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And now the rest of the week. Last Tuesday night, NBC had scheduled a two-hour Bob Hope special, built around Hope's campaign for President.* He's nominated by Johnny Carson, his campaign is managed by Tony Randall, and he uses Angie Dickinson and Stefanie Powers to appeal to women voters (although I think their greater appeal would be to males).

*Of course, having been born in the United Kingdom, Bob would technically have been ineligible to serve as president, but this is a comedy show, after all.

Unfortunately, something came up last Tuesday that prevented the special from airing, namely the Reagan-Carter debate. NBC didn't have many options left for a topical show as time-sensitive as this one, so look for it on Saturday (7:00 p.m. CT), followed by another special with political overtones bumped from Tuesday, an hour of comedy with the Smothers Brothers.

The recent end to the actors strike means we're still seeing season premieres of new and returning shows, and a big CBS player on Sunday night starts out with a bang: Archie Bunker's Place, the successor to All in the Family, opens the 11th season for the combined series with Archie coming to terms with the death of his long-suffering wife Edith. (7:00 p.m.) It's a struggle for Archie, who "refuses to acknowledge his grief." It's also a revelation for anyone who compares this Archie from the Archie of the first episode.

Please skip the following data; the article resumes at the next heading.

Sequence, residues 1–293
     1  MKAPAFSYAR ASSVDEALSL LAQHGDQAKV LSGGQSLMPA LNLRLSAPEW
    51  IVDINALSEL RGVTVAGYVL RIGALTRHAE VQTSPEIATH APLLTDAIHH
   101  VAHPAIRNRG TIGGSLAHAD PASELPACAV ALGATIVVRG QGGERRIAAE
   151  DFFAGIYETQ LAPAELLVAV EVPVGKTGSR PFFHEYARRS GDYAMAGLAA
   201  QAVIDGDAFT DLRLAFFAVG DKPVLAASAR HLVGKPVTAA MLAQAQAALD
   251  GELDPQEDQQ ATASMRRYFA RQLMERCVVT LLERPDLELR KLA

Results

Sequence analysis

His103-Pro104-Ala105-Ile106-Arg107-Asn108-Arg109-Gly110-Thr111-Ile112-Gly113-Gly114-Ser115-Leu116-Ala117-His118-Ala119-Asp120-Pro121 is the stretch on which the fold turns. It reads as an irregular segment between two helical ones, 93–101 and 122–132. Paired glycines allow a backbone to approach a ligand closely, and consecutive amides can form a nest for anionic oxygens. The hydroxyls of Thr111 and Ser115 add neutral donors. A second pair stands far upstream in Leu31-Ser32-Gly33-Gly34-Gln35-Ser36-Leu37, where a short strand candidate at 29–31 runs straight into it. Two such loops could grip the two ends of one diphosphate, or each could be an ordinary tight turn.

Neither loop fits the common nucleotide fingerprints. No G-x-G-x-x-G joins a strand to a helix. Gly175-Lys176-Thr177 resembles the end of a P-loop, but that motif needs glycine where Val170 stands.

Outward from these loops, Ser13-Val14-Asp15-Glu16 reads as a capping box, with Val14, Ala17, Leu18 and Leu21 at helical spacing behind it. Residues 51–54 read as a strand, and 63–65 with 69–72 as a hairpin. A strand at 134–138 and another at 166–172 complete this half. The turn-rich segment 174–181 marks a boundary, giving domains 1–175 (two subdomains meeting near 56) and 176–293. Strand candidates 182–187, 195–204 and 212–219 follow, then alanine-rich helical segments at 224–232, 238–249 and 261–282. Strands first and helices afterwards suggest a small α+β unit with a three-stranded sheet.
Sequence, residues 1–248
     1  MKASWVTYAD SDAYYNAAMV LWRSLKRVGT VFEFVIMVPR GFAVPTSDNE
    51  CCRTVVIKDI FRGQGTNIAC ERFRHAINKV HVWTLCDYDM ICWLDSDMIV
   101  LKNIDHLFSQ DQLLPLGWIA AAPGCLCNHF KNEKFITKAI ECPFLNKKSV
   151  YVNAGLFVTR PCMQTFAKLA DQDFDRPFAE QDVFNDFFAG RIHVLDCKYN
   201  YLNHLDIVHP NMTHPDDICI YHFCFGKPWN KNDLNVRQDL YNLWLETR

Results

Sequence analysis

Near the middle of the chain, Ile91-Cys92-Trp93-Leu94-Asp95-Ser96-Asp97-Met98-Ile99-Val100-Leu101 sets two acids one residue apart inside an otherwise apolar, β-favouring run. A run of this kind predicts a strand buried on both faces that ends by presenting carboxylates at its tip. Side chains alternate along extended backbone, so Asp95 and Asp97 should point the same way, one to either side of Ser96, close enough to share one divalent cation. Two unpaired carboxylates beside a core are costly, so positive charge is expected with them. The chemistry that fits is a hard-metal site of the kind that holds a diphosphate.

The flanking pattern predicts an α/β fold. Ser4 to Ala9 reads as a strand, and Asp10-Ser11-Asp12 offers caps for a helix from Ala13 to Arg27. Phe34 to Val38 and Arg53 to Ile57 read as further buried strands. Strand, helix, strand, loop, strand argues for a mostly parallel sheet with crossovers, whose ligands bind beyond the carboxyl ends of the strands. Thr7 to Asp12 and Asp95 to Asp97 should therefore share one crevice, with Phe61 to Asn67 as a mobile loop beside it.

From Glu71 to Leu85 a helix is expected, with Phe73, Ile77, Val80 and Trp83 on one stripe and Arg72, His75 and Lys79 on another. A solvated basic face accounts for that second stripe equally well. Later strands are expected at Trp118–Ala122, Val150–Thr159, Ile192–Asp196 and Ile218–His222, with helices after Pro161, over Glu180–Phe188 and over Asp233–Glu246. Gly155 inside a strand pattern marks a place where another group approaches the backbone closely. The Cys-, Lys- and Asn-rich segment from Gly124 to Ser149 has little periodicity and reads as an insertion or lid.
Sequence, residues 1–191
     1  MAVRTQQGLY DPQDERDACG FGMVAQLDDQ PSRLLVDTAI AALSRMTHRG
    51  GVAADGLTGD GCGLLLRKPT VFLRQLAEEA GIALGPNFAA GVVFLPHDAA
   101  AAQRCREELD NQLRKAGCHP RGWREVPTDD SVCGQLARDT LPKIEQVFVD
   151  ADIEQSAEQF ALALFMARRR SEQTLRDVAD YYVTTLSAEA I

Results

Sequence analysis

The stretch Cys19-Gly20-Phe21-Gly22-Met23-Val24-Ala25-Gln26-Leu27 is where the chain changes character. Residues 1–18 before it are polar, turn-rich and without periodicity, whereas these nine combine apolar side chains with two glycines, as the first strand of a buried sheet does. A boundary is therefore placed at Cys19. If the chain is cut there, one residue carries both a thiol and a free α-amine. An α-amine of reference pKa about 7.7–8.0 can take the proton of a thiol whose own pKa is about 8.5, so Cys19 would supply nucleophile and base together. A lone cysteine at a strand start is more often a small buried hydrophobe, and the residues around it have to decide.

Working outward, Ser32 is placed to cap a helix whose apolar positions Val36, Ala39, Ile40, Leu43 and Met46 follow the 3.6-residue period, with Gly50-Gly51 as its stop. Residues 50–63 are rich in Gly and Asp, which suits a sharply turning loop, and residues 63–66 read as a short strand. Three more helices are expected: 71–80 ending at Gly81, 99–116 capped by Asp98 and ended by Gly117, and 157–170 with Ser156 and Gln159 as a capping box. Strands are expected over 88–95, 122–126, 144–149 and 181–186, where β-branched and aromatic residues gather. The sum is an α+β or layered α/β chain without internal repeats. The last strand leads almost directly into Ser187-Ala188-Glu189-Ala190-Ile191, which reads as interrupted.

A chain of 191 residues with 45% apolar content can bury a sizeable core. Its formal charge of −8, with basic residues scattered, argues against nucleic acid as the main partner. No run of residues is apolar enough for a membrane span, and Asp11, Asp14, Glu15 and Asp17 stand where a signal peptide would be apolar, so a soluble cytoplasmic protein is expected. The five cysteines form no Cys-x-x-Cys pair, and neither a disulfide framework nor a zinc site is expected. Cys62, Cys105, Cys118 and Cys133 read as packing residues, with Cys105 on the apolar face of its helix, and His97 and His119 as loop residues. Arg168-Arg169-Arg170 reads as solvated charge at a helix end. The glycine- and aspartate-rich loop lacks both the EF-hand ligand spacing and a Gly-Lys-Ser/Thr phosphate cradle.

On Monday ABC (7:00 p.m.) and CBS (9:00 p.m.) block out an hour each for paid political programs, while NBC reserves 90 minutes (8:30 p.m.). Meanwhile, PBS comes in first in the early returns, first with the conclusion of the brilliant miniseries Tinker, Tailor, Soldier, Spy, starring the incomparable Alec Guinness (7:00 p.m.); followed by the great political satirist Mark Russell in his Election Eve special (8:00 p.m.), live from Buffalo.

Tuesday is Election Day, and for one of the candidates, it will be High Noon (3:30 p.m., WDIO), but if you're looking for an alternative, PBS's Nova (7:00 p.m.) explores the search for a cancer cure, and Dick Cavett has the first of a two-part interview with the legendary Ray Bradbury (10:00 p.m.)

Wednesday's feature event is CBS's Wednesday Night Movie, George Hamilton's hit comedy Love at First Bite (8:00 p.m.), which Judith Crist calls "uneven but frequently very funny," and lauds Hamilton's "hitherto unexpected and unexploited comedic gifts." And on NBC (also 8:00), it's part one of Alcatraz: The Whole Shocking Story, which is not only shocking but "based on a true story," with Michael Beck, Art Carney, Telly Savalas, and Alex Karras.